Curly-leaf Pondweed Management Study on Gleason Lake
The six-year study wrapped up in 2012. Read the results below. "The overall water quality improved: increase in water transparency, and reductions of total phosphorus and chlorophyll A. Gleason Lake met the state's water quality standards for clarity, phosphorus and cllorophyll A, the first time it has met all three metrics since the study began.
The six-year Gleason Lake aquatic vegetation management project wrapped up in 2012. The objectives of the project were to determine if (1) herbicide treatments with "Aquathol K" can control and manage curlyleaf pondweed, and (2) herbicide treatments are a viable long-term solution for Gleason Lake.
There was a considerable reduction in the amount of curlyleaf pondweed present from 2007 through 2012. The density of the invasive plant dropped from 817 stems/m² in 2007 to 21 stems/m² in 2011, with a slight increase in 2012. These results suggest that the annual herbicide treatments were efective in reducing the plant.
With the reduction of the curlyleaf, vegetation surveys showed the enhanced growth of native vegetation. The overall water quality improved: increase in water transparency, and reductions of total phosphorus and chlorophyll A. In 2012, the State’s water quality standards for Gleason Lake were met for all three, clarity, phosphorus, and chlorophyll A for the first time during the 6 year project. These results can lead us to believe that herbicide treatments are a viable long-term solution for Gleason Lake.
Though the outcomes of the study appear positive, there may be other factors that did contribute to the overall condition of Gleason Lake. For example, the Gleason Lake’s north stormwater pond was expanded in 2008, which was estimated to reduce phophorus by as much as 35 percent.
GLIA is working with the MNDNR to update their vegetation management plan for Gleason Lake for the continuation of control and management of curlyleaf pondweed and coontail. MCWD staff will continue monitoring the lake’s water quality annually.
Gleason Lake is a valuable recreational resource used by residents who live on the lake, as well as the general public. Although Gleason Lake has no public boat landing, the lake is accessible to the general public through Luce Line trail in Plymouth. There are wheelchair-accessible fishing docks near the newly renovated Luce Line trail bridge. The Gleason Lake area is used for hiking, bike riding, and horseback riding. The lake is also a valuable resource for fishing and water skiing during the summer, as well as ice fishing and ice skating during winter.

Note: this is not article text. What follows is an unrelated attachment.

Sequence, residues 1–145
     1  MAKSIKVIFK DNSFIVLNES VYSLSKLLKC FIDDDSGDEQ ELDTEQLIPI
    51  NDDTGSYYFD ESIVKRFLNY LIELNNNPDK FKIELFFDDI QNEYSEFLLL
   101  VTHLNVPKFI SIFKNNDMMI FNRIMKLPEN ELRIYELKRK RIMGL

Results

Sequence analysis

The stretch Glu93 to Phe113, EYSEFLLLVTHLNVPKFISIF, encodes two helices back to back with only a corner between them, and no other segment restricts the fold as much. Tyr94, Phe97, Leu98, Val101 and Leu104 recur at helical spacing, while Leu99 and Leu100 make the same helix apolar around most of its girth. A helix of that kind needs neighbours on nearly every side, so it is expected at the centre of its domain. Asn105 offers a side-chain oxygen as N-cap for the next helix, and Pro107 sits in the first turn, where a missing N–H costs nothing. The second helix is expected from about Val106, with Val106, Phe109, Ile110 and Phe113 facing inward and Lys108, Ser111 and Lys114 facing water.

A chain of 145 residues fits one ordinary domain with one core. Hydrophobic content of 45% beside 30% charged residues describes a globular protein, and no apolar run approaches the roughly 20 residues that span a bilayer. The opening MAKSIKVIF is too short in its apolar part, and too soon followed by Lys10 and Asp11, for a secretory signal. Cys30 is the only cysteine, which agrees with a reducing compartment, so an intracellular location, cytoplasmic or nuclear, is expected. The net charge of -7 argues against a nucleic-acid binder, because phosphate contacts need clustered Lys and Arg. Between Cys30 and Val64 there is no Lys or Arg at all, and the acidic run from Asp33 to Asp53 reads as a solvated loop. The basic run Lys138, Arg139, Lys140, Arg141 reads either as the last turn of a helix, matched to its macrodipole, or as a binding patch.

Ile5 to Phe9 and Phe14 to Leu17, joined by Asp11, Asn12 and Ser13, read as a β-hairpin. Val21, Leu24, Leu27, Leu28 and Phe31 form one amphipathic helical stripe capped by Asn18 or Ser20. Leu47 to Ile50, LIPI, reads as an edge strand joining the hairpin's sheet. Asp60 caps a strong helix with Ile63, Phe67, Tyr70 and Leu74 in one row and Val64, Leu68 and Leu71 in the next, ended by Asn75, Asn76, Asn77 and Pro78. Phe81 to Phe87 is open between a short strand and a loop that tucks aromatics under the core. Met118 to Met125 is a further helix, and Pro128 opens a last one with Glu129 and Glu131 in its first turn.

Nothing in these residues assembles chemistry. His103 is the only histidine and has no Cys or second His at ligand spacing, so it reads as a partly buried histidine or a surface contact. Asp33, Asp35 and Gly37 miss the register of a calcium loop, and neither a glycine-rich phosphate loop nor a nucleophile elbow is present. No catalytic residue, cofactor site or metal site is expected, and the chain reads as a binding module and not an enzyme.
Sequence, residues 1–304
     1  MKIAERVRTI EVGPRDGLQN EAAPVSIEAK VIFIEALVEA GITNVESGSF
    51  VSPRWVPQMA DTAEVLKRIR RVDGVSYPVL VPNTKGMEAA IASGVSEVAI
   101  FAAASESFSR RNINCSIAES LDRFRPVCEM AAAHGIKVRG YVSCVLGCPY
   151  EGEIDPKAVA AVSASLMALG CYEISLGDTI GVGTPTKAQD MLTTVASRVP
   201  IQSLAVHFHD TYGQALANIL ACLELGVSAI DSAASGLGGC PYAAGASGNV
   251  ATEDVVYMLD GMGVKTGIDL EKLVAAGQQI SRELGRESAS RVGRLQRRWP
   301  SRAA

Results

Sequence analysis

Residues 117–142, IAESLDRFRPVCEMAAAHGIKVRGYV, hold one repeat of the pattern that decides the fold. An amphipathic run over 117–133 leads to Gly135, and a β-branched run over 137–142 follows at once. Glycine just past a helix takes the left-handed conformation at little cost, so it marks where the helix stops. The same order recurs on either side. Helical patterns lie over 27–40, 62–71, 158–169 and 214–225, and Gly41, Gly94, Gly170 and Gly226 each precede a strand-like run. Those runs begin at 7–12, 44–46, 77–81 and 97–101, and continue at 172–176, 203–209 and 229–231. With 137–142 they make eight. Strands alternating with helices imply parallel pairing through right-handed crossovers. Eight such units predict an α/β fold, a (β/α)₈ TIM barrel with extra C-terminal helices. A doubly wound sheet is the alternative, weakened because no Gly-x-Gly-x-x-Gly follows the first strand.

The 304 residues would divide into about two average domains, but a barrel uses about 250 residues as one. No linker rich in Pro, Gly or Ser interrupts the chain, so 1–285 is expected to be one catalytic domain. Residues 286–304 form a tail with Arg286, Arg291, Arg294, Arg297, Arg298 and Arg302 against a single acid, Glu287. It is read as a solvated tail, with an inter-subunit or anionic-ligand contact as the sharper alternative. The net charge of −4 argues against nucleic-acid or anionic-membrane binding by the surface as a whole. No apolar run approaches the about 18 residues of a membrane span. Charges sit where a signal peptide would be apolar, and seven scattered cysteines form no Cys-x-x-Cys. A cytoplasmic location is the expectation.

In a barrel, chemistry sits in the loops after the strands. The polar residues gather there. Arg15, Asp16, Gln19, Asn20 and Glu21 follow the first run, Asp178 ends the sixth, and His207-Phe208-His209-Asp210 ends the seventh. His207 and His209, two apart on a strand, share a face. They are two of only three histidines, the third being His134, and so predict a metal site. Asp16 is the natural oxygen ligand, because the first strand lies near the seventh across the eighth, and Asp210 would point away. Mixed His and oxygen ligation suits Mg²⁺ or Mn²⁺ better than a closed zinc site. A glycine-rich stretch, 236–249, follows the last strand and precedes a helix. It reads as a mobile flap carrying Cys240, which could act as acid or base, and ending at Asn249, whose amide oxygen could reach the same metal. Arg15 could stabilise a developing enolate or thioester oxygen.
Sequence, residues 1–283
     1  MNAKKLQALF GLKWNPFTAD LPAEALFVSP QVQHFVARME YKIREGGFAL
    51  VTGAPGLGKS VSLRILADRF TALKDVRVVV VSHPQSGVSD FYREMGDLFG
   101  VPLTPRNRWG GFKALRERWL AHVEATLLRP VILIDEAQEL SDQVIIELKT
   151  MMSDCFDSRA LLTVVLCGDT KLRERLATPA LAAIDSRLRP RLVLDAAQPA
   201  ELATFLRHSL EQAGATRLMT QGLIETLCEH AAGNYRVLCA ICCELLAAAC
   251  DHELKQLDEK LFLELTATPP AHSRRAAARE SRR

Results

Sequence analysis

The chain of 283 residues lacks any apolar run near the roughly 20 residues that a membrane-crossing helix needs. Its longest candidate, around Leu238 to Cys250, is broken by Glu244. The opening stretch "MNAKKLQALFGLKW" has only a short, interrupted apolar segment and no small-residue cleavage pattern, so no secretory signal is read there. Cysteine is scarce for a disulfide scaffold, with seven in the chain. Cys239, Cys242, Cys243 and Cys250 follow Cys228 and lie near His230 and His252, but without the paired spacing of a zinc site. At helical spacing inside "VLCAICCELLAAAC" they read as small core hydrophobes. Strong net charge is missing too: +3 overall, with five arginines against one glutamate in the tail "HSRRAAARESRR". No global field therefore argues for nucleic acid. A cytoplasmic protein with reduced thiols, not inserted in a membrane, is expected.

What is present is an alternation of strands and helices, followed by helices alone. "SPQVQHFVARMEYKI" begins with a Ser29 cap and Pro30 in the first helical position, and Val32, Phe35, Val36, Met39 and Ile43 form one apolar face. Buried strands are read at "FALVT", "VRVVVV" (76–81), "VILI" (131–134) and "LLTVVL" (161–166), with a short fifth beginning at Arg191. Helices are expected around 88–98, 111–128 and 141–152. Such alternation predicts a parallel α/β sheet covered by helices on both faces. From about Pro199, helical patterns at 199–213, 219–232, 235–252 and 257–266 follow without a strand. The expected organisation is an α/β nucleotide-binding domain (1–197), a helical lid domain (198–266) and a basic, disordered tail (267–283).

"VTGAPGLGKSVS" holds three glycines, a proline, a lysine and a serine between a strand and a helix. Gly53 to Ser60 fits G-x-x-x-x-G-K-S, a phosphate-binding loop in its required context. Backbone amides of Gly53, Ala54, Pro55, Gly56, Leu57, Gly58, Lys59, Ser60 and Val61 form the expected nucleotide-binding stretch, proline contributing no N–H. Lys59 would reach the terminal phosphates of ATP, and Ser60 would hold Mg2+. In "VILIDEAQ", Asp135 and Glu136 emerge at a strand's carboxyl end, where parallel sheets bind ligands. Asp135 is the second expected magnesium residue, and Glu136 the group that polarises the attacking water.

Curly-leaf pondweed is an exotic species that competes with other native plants and is suspected by most to be a significant contributor to high phosphorus levels in lakes. The die-off (senescence) of curly-leaf pondweed starts at the end of June or early July, after the completion of turion (winter bud) production. The senescence of curly-leaf pondweed releases phosphorus, which causes algae bloom and poor water quality.
The watershed area of Gleason Lake is almost entirely (95%) in the city of Plymouth. The remainder is located in the cities of Wayzata, Orono, and Minnetonka. The water of Gleason Lake is almost entirely littoral (close to the shore), is less than 15 feet deep, and has extensive aquatic vegetation including coontail, curly-leaf pondweed, and eurasian water milfoil. Curley-leaf pondweed was detected at one-third of the stations sampled during an aquatic vegetation survey in 2002. The GLIA has been working on controlling another invasive plant, Eurasian watermilfoil, and added control of Curlyleaf pondweed should further help to improve water clarity and reduce algae blooms.
Gleason Lake has consistently received C's and D's in the MCWD's annual water quality grades. The mean total phosphorus concentration for summer 2005 was approximately 108 micrograms per liter, which is well above the MCWD’s interim goal of 80 micrograms per liter and the state’s proposed standard of 60 micrograms per liter. Phosphorus reductions are necessary to achieve these goals.
The MCWD is proactively addressing AIS issues in the Gleason Lake watershed by reducing the amount of nutrients that flow into the lake. GLIA has completed several other projects to reduce external nutrient loads and improve the water quality in Gleason Lake.
The five years of treatment have been successful in controlling and reducing the curly-leaf pondweed stem density in the Gleason Lake.
|Treatment Year||Curly-leaf pondweed density before treatment (stems/m2)||Curly-leaf pondweed density after treatment (stems/m2)|